Volcanic eruption strength wanes on La Palma

by Lorraine Williamson
volcanic strength is less
nederlandse orthopeed

LA PALMA – The volcanic eruption on La Palma is diminishing in strength every day. So say volcanologists following the Cumbre Vieja since its first eruption on September 19. Furthermore, the decline in sulfur dioxide levels and the interim termors are indications that the worst is over.

The Spanish news site EfeVerde.com writes that on September 23 a record of sulfur dioxide (SO2) emissions were measured. This was more than 50,000 tons. On Saturday, November 13, emissions were between 2,000 and 4,000 tons of SO2. According to scientists and volcanologists, sulfur dioxide emissions are decreasing. And furthermore, the intermediate seismicity at the surface is also showing a stable and decreasing trend. 

Lava does not destroy new areas on La Palma 

According to technical director Miguel Ángel Morcuende of the Pevolca scientific committee, the lava is currently continuing to flow in the same direction. This means that the current lava delta has no branches and the lava can no longer destroy new areas.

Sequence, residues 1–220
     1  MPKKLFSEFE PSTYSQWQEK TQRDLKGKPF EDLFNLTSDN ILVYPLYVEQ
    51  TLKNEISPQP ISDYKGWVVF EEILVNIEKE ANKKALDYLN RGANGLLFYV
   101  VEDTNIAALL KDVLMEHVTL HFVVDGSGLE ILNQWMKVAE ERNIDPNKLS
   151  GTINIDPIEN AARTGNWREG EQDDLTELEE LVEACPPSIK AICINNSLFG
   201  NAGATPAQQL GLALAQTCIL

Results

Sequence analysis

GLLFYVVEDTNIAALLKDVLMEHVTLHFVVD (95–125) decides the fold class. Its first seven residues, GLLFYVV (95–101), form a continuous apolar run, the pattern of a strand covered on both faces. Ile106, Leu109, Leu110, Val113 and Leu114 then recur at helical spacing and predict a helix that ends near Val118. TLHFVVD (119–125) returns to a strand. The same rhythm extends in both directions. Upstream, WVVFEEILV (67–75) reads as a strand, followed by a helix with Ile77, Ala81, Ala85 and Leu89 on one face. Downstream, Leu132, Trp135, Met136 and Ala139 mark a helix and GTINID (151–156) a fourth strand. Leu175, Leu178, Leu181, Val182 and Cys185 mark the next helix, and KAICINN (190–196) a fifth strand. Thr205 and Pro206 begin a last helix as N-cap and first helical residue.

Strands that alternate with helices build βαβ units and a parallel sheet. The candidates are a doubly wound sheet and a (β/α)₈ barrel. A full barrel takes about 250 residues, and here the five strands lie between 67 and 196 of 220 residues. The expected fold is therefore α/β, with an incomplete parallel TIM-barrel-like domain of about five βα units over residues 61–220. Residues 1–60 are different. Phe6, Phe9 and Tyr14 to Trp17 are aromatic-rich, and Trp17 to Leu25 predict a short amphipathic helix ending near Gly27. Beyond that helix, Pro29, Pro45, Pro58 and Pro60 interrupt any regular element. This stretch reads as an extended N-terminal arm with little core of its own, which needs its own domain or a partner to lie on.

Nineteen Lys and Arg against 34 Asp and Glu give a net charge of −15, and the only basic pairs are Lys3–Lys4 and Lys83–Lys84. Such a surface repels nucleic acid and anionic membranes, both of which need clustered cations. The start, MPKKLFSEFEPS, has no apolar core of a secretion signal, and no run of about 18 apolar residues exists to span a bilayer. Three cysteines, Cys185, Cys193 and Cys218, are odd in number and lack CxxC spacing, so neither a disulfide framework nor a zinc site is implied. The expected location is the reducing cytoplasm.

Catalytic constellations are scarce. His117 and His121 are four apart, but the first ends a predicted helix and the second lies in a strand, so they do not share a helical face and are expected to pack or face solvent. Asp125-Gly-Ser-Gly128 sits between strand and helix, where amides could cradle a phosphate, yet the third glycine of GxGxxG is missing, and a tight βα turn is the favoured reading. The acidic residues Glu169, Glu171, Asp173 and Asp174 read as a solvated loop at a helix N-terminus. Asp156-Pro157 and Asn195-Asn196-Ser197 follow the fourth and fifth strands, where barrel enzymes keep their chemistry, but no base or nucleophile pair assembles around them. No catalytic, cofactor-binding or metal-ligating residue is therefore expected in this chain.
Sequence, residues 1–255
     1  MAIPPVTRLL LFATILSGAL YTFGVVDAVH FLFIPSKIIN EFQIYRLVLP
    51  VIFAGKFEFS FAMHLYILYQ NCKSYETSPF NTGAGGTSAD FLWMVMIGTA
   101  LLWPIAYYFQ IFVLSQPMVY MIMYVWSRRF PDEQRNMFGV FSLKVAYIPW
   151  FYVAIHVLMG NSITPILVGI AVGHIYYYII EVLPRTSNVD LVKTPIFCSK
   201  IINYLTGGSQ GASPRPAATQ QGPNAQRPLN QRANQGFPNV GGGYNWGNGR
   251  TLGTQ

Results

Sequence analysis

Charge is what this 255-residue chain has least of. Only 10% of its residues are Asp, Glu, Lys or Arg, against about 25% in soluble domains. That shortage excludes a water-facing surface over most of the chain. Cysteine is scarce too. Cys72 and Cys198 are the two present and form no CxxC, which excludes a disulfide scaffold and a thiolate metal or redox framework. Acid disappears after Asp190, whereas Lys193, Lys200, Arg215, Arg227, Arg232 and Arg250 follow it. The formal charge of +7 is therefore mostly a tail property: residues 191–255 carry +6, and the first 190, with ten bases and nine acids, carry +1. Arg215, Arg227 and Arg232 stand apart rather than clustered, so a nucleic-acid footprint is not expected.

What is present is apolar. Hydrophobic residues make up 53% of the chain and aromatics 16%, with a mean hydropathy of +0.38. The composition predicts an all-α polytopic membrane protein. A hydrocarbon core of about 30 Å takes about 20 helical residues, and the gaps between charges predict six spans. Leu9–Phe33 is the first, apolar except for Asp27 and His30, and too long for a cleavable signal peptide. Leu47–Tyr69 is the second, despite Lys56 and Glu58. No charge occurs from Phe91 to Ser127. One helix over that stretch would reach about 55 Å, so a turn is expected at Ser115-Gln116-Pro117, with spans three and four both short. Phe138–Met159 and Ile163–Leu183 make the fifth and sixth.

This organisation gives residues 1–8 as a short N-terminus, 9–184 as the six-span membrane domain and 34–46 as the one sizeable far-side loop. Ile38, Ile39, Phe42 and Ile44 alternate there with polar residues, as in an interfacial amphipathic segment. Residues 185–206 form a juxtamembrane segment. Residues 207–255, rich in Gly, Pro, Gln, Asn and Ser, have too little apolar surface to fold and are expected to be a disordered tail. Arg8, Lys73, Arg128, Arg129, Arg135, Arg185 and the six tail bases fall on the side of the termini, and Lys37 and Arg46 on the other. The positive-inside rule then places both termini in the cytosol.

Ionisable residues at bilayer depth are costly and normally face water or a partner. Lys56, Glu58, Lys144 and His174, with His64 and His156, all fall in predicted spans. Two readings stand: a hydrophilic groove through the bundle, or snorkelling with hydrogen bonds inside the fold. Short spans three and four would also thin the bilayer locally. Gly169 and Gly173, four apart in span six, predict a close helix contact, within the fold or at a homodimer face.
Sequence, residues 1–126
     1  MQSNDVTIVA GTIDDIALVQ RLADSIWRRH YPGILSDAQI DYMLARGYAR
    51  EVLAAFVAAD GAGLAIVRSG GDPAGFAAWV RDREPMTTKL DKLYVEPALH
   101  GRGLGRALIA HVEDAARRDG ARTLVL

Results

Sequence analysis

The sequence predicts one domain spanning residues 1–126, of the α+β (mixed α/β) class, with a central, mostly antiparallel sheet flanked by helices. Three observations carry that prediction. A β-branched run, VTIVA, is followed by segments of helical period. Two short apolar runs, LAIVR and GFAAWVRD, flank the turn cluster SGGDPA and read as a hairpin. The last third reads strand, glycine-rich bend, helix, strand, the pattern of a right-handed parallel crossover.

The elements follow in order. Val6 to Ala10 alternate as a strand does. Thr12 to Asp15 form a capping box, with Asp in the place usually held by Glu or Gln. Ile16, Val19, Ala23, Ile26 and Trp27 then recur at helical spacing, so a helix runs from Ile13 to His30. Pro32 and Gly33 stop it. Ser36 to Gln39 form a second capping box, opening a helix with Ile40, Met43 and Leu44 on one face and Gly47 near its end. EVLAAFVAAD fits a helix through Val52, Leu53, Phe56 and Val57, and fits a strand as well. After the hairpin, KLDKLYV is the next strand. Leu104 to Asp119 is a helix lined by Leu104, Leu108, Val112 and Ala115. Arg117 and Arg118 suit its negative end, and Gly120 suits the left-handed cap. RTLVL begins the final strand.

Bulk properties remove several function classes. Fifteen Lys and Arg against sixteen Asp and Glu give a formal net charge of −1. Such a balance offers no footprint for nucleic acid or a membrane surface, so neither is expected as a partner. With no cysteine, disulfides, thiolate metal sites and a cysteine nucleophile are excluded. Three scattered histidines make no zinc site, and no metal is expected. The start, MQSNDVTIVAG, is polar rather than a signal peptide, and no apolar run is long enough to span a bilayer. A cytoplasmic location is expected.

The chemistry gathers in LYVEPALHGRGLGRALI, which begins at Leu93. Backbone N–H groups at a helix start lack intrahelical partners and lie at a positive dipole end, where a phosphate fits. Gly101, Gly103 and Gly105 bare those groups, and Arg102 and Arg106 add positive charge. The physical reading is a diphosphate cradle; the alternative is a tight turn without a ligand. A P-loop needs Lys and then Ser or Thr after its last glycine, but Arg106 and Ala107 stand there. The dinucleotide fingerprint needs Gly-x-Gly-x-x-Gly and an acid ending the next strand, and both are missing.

Cogesa Expats

Air quality increasingly favourable 

Carbon dioxide emissions on Saturday, November 13, amounted to between 1,800 and 2,000 tons. The air quality has remained at a reasonable to good level. All monitoring stations on La Palma registered fairly favorable air quality values last weekend. 

Danger not yet completely gone on Spanish island 

Since less than a week, the removal of ash, among other things, has started, which again results in a deterioration of the air quality. However, this is temporary and often localised. Entering the area – for clean-up work or because people want to collect personal belongings – is not without danger, as was proven a few days ago when a man died when he returned to his home. 

Status La Palma to date 

According to land registry records, the lava has destroyed 1,019.79 hectares of land to date. And, the lava flows have also completely destroyed 1,460 buildings, including 1,181 homes, 159 farms, 67 industrial buildings, and more than 40 commercial and public buildings. At the moment there are still 481 people who cannot return to their homes and are temporarily staying in hotels in Fuencaliente and Los Llanos de Aridane. 


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